Also big thanks to The Sharehood who donated plants. Everyone who came could take a free veggie seedling home, the only catch was you had to take two, and give one to a neighbour and tell them about The Sharehood. The Sharehood "aims to build joyful, sustainable and resilient communities by encouraging people to get to know their neighbours and share with them." There's an online tool and services trading network. Learn more at www.thesharehood.org or watch the little video below with Michael Green, who gave a workshop at the blitz.
The hosts of this blitz included Asha Bee, who was at Permablitz #1 back in 2006 and is part of the Melbourne Permablitz Collective and writes our regular newsletters. They write:
Having been in and around Permablitz Melbourne in from it's early days it's easy to take it for granted that a bunch of strangers would come to someone's house and spend all day doing manual labour just for the love of it (...and for all the perma-learnings through the workshops and the opportunity to be blitzed in the future, yes) but being on the other side of a permablitz again - having wise friends help design the garden, chook run and strawyard, and then having a bunch of strangers-to-be-friends convert our field of lawn into all that in one day - it's great to be reminded of how special the Permablitz concept is. Three cheers for Permablitz and thirty cheers for everyone who was involved in our blitz!!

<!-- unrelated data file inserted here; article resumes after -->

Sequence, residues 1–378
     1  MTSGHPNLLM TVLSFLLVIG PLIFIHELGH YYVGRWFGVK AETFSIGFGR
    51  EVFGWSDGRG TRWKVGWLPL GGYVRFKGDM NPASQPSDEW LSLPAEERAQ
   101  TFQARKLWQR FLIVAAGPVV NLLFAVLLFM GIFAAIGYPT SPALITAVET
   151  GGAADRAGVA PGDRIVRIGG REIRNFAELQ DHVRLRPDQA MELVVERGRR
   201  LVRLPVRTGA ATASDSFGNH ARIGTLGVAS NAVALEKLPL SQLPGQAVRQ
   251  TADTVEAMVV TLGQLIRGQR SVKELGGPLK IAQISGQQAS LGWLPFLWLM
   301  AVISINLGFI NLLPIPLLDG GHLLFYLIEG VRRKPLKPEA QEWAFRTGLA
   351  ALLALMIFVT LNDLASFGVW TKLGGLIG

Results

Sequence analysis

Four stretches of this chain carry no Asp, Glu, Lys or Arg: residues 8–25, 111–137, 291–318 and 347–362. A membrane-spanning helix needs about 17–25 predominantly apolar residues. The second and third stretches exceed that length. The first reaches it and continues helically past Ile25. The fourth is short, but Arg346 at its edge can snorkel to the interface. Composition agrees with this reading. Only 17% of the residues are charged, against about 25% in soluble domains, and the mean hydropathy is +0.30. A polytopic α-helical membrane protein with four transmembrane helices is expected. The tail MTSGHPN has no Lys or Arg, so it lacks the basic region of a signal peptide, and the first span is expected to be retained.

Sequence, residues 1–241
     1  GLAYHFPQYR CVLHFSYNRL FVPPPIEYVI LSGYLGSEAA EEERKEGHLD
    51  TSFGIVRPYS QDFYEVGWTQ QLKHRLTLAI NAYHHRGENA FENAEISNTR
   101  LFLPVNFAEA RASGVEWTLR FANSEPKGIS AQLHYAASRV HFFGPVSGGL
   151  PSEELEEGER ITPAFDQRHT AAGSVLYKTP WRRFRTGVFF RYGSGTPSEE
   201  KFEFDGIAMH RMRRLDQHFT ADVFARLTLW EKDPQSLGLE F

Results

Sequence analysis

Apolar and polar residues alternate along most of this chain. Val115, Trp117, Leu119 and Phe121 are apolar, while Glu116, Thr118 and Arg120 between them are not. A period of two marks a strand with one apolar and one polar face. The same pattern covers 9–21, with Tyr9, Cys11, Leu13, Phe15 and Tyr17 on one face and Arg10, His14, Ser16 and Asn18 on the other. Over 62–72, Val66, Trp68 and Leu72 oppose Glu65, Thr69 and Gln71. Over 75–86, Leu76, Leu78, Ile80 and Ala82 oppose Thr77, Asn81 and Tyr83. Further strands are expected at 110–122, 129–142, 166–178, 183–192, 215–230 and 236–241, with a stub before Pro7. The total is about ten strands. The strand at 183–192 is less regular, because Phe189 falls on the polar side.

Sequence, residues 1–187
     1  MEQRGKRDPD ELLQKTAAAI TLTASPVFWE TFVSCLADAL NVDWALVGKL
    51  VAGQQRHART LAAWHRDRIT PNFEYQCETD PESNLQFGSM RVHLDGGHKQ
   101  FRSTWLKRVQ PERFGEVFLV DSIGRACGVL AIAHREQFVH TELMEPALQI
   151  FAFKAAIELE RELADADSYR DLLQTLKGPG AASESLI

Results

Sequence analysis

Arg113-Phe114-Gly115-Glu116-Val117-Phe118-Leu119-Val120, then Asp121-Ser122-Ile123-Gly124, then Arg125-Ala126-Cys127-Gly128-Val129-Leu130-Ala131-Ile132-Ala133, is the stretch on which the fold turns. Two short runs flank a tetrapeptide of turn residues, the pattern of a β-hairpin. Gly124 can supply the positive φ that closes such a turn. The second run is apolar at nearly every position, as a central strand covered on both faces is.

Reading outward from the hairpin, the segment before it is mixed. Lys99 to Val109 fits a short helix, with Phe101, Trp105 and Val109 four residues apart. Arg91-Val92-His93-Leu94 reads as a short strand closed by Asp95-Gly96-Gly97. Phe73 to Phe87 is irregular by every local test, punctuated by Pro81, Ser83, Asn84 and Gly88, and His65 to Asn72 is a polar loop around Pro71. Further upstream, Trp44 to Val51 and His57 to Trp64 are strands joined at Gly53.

-- Asha, Ellie and Laura
The Ascot Vale Special School blitz went very nicely. About 15 blitzers turned up, most of them first timers with lots of enthusiasm and wonder. The first job was the retrofitting of nine corrugated iron beds into wicking beds, under the guidance of the Seila the wicking-man. All the pipes had been precut, and were ready to go, and with Seila's workshop it was a great success. It usually is with Seila the wicking-man.
As well as the wicking-beds, 80 % of the chook house was completed. Lunch was held in the students kitchen, and was a typical menu: the volunteers were pleased to be immersed in the school's programme.
In spite of the fact that, personally, this blitz was a blitz, with just three weeks of preparation at a very busy time of year, I'd love to host part two sometime soon. Maybe see you there...